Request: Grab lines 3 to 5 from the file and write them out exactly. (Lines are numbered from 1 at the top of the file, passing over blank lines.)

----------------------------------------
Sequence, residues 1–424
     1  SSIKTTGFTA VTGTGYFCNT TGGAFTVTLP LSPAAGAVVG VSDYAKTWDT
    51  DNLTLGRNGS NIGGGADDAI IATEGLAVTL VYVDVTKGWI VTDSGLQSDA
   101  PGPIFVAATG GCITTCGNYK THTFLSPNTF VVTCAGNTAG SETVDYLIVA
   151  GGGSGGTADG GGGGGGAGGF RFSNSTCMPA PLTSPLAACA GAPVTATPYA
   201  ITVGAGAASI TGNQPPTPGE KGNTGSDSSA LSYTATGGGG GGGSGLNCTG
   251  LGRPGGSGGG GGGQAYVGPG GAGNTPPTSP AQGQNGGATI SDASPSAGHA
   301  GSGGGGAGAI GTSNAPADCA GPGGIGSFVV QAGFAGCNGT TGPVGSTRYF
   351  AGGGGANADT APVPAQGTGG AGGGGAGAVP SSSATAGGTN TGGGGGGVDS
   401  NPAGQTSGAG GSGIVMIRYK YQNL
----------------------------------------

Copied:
    51  DNLTLGRNGS NIGGGADDAI IATEGLAVTL VYVDVTKGWI VTDSGLQSDA
   101  PGPIFVAATG GCITTCGNYK THTFLSPNTF VVTCAGNTAG SETVDYLIVA
   151  GGGSGGTADG GGGGGGAGGF RFSNSTCMPA PLTSPLAACA GAPVTATPYA